, but i want to -- i want to continually evaluate and re-evaluate the policy. because i hear the concerns raised by you and others, sir. senator blumenthal: maintaining a capability is expensive, isn't it? secretary johnson: yes. senator blumenthal: and detaining whole families can be a lot less humane and productive than adopting other policies, am i right? secretary johnson: detaining whole families is indeed expensive. it is a notable item in our f.y. 2016 budget request, and it can be a challenge. and so i believe that the capability is important to our overall border security efforts, but i want to make sure we have the policy right. senator blumenthal: let me ask you about access to legal services. is it the pop -- policy of the department to permit and enable lawyers to visit those facilities where folks are
detained? secretary johnson: yes. senator blumenthal: in terms of providing counsel where private attorneys can't do so, has the department provided that kind of resource? secretary johnson: we do not. in immigration cases of this nature provide counsel if one cannot be provided. we do not guarantee counsel. we do promote access to counsel, and we do a number of things to put people in touch with lawyers locally or those who are interested in representing individuals. and i know we have made improvements in those efforts since we began opening our family detention capability last summer. senator blumenthal: i know it may not be the sole responsibility of the department of homeland security, but the processing of visas in central
american countries, the screening of those people who want to come here has begun. is there anything that can be done to expedite that effort because i think it represents a real hope for stopping the flow of unaccompanied minors and others who are sent to this country and have to be sent back? secretary johnson: a piece of advice i received last summer from the u.s. conference of catholic bishops is in-country screening. in other words, you can't lock the door and not provide a legal safe pathway at the same time. and so that's what we've done in the three central american countries. i'm disappointed that not more people are utilizing this, and i believe that we need to promote the new program better.
i think this is a joint effort by us in this state department and the governments in the central american countries. but i've been disappointed that not more parents in the u.s. are utilizing this program to petition to get their kids here. so -- senator blumenthal: and i would agree very wholeheartedly and i was surprised at a hearing that was held here just last thursday, literally, to learn that only a small number of parents so far are taking advantage of this program. in fact, the rules available to them, they are the same rules that would apply if their children were here and i hope the department will make efforts and the state department obviously has a role to spread awareness about this program. thank you. thank you, mr. chairman. my time has expired. i thank you, mr. secretary, for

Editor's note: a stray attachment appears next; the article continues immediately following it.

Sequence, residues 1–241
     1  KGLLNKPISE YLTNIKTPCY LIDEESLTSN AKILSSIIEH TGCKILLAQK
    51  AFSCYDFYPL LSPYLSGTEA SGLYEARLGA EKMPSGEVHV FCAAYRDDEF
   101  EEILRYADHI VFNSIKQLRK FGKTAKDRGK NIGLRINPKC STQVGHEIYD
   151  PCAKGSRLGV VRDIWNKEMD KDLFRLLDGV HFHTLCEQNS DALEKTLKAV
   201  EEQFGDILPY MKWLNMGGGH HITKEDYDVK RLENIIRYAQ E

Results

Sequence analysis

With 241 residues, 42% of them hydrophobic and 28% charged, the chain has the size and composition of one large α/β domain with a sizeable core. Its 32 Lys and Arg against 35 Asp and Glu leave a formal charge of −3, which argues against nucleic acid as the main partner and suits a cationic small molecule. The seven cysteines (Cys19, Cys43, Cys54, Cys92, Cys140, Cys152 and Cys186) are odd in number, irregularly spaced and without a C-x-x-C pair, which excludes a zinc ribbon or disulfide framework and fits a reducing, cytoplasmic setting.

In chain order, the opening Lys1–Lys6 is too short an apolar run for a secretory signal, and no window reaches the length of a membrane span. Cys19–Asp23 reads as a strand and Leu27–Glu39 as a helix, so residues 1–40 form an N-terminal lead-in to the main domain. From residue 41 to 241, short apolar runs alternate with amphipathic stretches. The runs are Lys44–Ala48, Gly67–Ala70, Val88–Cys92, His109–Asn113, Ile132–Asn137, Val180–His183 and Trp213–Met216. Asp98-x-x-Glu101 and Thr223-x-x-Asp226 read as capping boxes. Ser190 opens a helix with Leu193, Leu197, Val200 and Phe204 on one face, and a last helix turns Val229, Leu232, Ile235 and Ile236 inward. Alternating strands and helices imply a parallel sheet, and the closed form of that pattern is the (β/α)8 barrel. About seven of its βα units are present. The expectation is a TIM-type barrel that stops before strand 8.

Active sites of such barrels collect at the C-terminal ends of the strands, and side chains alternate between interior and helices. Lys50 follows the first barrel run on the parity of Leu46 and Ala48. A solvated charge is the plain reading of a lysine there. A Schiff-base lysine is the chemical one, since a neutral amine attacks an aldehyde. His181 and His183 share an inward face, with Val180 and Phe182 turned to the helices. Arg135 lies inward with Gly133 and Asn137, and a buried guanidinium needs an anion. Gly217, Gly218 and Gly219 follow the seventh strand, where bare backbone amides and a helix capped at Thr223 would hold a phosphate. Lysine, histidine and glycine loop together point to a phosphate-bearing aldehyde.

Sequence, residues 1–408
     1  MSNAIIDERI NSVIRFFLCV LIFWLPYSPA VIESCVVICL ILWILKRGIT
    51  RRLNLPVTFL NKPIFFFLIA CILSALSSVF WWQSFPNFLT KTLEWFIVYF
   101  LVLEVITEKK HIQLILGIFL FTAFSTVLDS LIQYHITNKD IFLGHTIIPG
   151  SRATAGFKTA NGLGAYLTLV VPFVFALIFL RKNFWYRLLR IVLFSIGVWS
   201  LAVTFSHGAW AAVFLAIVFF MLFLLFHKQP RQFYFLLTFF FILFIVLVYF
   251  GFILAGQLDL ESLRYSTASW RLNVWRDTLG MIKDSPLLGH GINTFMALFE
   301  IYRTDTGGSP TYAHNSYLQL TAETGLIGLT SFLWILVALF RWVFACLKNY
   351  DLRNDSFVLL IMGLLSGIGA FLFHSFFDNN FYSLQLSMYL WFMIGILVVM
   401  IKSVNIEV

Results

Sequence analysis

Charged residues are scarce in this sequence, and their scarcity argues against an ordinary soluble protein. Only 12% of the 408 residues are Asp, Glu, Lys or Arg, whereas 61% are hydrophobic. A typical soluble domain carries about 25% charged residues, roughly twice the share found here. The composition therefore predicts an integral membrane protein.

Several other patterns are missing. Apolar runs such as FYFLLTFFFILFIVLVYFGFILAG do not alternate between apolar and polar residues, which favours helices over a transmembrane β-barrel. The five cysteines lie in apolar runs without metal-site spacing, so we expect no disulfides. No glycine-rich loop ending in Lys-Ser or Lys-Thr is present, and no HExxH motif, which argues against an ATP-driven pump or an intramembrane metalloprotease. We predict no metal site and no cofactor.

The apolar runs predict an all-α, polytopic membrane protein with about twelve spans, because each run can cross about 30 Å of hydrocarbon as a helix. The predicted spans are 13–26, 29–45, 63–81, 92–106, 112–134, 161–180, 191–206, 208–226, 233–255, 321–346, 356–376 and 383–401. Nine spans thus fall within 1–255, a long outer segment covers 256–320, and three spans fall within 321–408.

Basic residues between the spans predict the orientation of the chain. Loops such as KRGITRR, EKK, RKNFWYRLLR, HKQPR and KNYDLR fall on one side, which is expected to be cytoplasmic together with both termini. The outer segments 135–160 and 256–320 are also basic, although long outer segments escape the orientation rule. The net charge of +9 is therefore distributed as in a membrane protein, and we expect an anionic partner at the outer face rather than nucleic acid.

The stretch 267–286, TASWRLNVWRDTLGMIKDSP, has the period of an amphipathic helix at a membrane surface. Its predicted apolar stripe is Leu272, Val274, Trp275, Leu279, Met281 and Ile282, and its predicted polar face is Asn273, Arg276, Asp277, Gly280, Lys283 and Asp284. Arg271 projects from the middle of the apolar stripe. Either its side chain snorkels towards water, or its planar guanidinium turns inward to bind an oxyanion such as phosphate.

your service and for the service of the many men and women who serve in the department of homeland security and the very diverse and difficult task that you have. thank you. senator tillis: thank you, mr. chair. welcome, secretary johnson. thank you for being here and for your service. i know that senator grassley chair grassley asked questions. so i'll go back to the record to see some of the specifics. in your answer you did mention there had been some retraining revising the protocol, reviewing the protocol, revising and retraining so we can avoid future instances of this -- what on the surface looks like negligent decisionmaking. but the question i had for you -- i have two questions. one, i believe that mr. rangel-hernandez's deferred status has been decided a month -- rescinded a month or so ago. my question is, how many instances have been identified
in the audit or review that were similar to mr. hernandez's and what is the current status of that review and the potential that others deferred status will also be rescinded and their disposition after it? secretary johnson: i know there have been a handful of others who have been identified in the same category. i do not know the status of whether they have been rescinded or not but we can get that , information to you, sir. senator tillis: yeah. i'd like to get that and if possible on a -- to the extent that information is available, geographically what we're talking about if i have any other instances in north carolina i'd like to know about it but i'm sure the other members would be interested as well in each of their states. so i'd like to that and -- in particularly as we go through this process for those that were granted deferred status. if there is a decision either because they've come up in the audit to continue to allow them